The Birth of a Nation. Directed by Nate Parker. Written by Nate Parker and Jean McGianni Celestin.
Release Date: October 7, 2016.
Rarely have I walked into a movie with so much external context bleeding through the theater walls. Almost two weeks into The Birth of a Nation‘s run, and the film is more successful as think piece fodder than as a commercial enterprise, making it almost impossible to evaluate on its own merits. How does it relate to the controversial and complicated historical record of Nat Turner’s rebellion? Where does it fit in the new filmography of slavery? Why aren’t more people seeing it (I was alone in my 7pm Thursday night show) and, if they stay away, will the “white savior” remain Hollywood’s preferred slavery narrative? Finally, should we take the troubled personal histories of Nate Parker and Jean McGinanni Celestin into account when evaluating this film?
I received a Bachelor’s Degree in English (double-majoring with History) in 2000, and postmodernism ruled the late 90’s halls of the University of Toronto at Mississauga “temporary building.” My professors constantly reminded me that pieces of art have their own historical lives, often divorced from the circumstances or intentions of their creators. This idea has been hugely influential on my own work. However, most took this idea a step further by asking students to completely ignore an author’s biography when evaluating a text. My history training taught me any context is valuable, so I never made this final leap. Nevertheless, I tried to do precisely that when viewing The Birth of a Nation, but ultimately failed. I couldn’t forget Parker’s past because he was constantly staring back at me as the film’s star. What’s more, by adopting the title of one of the single most artistically and historically influential film of all time, Parker told me to view his work a certain way. Before I bought my ticket, he’d implicitly declared his film seminal—correcting the historical wrongs of its predecessor, matching its artistic achievement, and ushering in a new era of films about American history. This set a high bar, and The Birth of a Nation does not reach nor pass it.
So, how good is it? Strangely, The Birth of a Nation left me mostly unaffected. It’s a good movie for what it is, but it didn’t foster the kind of emotional response or inspiration Parker clearly intended. In other words—to address one of the elephants in the theater—it’s no 12 Years a Slave. There are flashes of genius that hint at a better movie—Turner confronting a white preacher (the excellently slimy Mark Boone Jr.) with liberation gospel, Turner’s surreal murder of his master Samuel (Armie Hammer), Turner and his rebels discussing what they would be doing at 5pm if still enslaved—but mostly it played like a standard Hollywood tragic rebel hero film. There are many historians better qualified than me to evaluate its accuracy (especially here), but I know enough to have gone in expecting something much deeper than what I got.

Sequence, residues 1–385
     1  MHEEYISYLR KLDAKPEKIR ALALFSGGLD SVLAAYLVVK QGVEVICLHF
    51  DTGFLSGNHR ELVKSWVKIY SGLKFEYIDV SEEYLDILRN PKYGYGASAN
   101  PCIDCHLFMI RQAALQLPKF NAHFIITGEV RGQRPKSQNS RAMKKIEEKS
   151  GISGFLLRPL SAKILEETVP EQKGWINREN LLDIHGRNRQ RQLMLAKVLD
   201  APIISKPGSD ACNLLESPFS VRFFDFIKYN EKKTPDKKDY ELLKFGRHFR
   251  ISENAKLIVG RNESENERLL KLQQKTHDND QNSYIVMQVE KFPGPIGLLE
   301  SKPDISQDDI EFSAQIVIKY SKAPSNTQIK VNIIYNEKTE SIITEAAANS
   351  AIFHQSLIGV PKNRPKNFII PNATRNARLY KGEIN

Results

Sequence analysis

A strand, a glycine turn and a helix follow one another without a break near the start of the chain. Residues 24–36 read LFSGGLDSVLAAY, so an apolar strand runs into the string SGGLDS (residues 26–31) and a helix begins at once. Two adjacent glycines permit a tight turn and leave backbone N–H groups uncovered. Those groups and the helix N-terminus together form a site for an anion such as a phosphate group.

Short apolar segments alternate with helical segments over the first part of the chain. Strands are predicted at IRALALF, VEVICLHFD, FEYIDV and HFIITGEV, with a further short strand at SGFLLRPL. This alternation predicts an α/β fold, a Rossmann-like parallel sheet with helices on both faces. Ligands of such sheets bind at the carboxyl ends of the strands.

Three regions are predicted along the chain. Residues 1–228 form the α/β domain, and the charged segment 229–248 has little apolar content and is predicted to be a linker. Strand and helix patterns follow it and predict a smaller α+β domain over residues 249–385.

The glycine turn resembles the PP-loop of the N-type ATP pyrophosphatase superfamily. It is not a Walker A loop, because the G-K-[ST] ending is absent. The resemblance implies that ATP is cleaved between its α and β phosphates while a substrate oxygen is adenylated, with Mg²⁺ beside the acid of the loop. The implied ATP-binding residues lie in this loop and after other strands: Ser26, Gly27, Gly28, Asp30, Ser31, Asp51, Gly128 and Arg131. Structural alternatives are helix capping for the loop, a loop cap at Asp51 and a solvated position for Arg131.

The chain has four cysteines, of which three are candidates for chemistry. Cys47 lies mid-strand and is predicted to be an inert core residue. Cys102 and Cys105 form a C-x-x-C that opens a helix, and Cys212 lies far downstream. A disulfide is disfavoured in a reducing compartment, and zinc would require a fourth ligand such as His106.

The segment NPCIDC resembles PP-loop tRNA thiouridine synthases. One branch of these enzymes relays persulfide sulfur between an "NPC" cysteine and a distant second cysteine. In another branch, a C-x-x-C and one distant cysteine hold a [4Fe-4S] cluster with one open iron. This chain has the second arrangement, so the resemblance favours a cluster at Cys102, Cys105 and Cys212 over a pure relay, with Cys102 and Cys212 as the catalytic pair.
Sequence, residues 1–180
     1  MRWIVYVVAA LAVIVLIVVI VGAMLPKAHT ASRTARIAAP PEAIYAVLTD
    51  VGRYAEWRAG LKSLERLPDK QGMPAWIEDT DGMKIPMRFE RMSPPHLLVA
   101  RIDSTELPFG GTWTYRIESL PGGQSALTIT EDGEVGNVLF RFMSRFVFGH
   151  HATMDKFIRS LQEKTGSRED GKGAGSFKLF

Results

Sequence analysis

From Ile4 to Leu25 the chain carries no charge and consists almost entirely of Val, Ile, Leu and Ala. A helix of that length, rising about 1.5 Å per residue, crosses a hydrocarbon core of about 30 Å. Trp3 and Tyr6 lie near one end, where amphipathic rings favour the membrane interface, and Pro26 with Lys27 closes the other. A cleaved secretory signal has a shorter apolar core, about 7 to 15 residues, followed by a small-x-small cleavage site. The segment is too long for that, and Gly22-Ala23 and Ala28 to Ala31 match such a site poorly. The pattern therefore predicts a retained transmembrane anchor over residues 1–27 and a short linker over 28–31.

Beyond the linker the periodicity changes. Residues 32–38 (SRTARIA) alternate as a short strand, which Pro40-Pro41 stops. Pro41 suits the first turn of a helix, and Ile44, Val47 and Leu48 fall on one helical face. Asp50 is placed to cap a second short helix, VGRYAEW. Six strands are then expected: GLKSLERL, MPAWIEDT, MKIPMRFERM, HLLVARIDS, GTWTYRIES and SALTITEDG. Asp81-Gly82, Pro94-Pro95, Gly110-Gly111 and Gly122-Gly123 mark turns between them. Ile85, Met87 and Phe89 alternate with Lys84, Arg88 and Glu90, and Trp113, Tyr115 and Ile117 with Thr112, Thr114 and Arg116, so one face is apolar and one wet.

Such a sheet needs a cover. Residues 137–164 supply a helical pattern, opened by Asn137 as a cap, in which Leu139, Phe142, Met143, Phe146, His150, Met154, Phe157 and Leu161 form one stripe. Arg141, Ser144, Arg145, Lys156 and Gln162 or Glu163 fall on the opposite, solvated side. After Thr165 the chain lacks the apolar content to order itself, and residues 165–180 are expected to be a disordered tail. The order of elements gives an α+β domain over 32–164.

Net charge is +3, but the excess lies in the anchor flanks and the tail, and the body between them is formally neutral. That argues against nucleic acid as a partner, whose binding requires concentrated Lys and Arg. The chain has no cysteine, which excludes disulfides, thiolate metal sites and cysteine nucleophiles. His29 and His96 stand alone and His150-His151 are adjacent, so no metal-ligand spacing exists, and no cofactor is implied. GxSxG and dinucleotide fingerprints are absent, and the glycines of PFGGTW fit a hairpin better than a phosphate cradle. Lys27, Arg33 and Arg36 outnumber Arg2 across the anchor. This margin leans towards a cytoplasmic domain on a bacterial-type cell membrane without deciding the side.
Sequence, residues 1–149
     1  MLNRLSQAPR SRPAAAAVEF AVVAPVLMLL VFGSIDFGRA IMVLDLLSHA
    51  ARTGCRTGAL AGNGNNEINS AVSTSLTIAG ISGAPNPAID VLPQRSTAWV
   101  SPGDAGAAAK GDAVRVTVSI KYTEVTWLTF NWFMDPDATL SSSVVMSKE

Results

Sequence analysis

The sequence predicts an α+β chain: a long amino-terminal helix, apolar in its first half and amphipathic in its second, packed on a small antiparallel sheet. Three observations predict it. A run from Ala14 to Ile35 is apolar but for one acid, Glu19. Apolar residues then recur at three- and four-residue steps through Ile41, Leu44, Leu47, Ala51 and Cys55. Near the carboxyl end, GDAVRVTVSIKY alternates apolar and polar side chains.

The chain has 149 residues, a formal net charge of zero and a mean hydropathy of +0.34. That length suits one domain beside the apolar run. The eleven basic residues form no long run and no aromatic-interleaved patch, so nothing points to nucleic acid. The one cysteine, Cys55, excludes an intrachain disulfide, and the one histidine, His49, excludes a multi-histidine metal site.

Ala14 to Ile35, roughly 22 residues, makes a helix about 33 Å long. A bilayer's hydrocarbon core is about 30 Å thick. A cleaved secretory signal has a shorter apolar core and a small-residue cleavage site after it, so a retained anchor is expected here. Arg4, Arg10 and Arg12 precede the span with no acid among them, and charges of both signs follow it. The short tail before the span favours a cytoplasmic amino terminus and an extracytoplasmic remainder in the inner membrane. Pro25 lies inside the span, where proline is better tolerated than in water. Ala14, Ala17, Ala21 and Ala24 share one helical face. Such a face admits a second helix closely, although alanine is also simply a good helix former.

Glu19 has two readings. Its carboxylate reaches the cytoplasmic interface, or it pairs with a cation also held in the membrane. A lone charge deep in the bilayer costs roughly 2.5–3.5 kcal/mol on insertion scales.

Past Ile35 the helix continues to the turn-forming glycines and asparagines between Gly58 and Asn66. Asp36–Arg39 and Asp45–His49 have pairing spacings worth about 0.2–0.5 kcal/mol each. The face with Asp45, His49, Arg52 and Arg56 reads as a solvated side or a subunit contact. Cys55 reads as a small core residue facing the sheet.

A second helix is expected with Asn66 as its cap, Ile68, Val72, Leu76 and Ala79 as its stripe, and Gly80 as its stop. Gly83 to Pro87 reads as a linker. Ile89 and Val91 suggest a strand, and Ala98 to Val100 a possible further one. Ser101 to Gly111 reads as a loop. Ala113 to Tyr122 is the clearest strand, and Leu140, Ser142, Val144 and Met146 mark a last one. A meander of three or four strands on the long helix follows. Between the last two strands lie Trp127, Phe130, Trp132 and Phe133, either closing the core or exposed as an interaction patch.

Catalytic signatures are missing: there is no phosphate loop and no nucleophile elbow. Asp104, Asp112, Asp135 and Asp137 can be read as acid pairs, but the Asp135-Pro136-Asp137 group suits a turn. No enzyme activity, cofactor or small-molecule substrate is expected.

It’s never fair to judge a piece of culture against the ideal version in your head, but I’ve never conceived of Nat Turner’s story as an African American version of Stanley Kubrick’s Spartacus or Mel Gibson’s William Wallace. As in those films, Parker and Celestin’s script presents their hero as an essentially peaceful and rational figure whose violence is entirely reactive. It’s the most generous interpretation of Turner possible, not even hinting at the historical record’s shades of grey. Surely, any audience will sympathize with Turner’s cause, but Parker takes great pains to ensure we never question his solution. Turner’s disgust for slavery, resulting from his touring duties as a preacher, starts him down the path to rebellion, but Parker and Celestin up the ante by giving Turner ample personal motivation. A heinous slavecatcher played by the always excellent Jackie Earle Haley both kills Turner’s father (Dwight Henry) and rapes his wife (Aja Naomi King). Samuel begins the film a benevolent slaveholder but gives in to alcoholism and prostitutes the wife of one of Turner’s friends for personal gain. When Turner understandably turns against these men and challenges a pro-slavery white preacher, Samuel has Turner whipped. In case we still doubt rebellion is Turner’s only option, the overseer concludes his punishment by whispering he’s going to “ride” Turner—condemning him to a life of constant pain. Like Spartacus and Wallace, what else could he do but rebel?